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RSA to face accounting probe

Analysts say the matter shouldn't affect financial results, but it could cause the stock to tumble.

Accounting issues may plague RSA Security, despite the company's solid financial performance and promising security software business.

RSA said on its fourth-quarter conference call Thursday that the Securities and Exchange Commission is investigating its past accounting practices. The news ruffled investors despite analysts' assurance that the matter would have minimal impact on the company's past results.

RSA reported a net loss of $10.1 million, or 18 cents per share. The results compared poorly with net income of $103.9 million, or $1.70 per share, a year earlier--something Wall Street expected, given the current slowdown in IT spending. Excluding one-time items, the company posted fourth-quarter earnings of a penny a share, topping First Call's consensus estimate for a break-even amount. Revenue was $63 million, a sharp drop from the $78.1 million reported last year, and slightly below First Call's estimate for $64 million.

Projections for 2002 were unchanged, with management expecting net earnings of 25 cents to 33 cents per share on revenue of $285 million to $295 million, in line with its earlier forecasts.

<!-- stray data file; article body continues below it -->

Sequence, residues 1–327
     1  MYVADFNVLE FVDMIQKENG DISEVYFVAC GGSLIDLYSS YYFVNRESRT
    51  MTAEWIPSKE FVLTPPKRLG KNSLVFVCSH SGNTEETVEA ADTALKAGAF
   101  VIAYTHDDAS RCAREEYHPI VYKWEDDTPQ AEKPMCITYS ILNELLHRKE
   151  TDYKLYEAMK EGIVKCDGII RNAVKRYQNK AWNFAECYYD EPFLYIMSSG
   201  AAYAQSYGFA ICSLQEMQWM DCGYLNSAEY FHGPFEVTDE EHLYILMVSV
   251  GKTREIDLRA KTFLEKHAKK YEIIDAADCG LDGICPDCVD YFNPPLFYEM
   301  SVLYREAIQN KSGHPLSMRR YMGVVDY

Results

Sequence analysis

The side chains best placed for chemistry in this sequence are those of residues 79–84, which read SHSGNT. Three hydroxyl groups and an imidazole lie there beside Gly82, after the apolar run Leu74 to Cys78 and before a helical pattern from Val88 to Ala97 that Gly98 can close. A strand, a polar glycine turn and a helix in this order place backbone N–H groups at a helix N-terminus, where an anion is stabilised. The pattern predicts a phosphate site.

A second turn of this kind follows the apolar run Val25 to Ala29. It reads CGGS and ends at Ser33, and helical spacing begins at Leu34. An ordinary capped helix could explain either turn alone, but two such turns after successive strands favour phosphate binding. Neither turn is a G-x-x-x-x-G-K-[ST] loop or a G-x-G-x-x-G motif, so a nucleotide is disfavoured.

Analysts were upbeat about the quarter overall. It "sets the tone for a very positive 2002," said SG Cowen Analyst Peter Kuper in a Friday research note.

But a formal SEC investigation is "the rain on the parade," Kuper added.

Shares in RSA plunged $4.37, or 26 percent, to $12.27 Friday after news that the company is being investigated by the SEC. The collapse of energy giant Enron has made investors hyper-aware of accounting issues, as recent skittishness over PeopleSoft's accounting problems has shown.

The company was informed of the investigation on the eve of its fourth-quarter results and announced the news on a conference call Thursday evening. Management said the SEC plans to investigate the manner in which RSA disclosed its first-quarter change to revenue recognition.

In one of RSA's quarterly filings with the SEC last year, the company disclosed a change to its accounting methods, and admitted it began "recognizing revenue upon shipment to distributors rather than upon sell-through." This practice, which results in revenues being recorded earlier than they are received, and sometimes known as "stuffing the sales channel," led to an increase in revenue of $1,735 for the three months ended March 31, 2001, the company said.

Analysts say the matter shouldn't affect financial results, but it could cause the stock to tumble. "The matter could be minor, addressing perhaps 1 percent of 2001 channel revenue," said Salomon Smith Barney analyst Stephen Mahedy, "but more clarification is needed."

SG Cowen's Kuper also reasoned that 1 percent of total revenue is hardly material and would likely be deemed irrelevant by the SEC. What the SEC has its hackles up about, he said, is likely the fact that RSA buried the disclosure of the accounting change in the "management discussion and analysis" portion of its regulatory filing.

The SEC recently began taking a hard look at "pro forma" results, which exclude various charges and items that would be included under normal accounting rules.

Nevertheless, analysts advised caution. "Given the uncertainty associated with the SEC investigation, RSA is now only appropriate for the most speculative investors willing to bet on the outcome of an investigation we know very little about," said Wedbush Morgan Securities analyst Timothy Leehealey.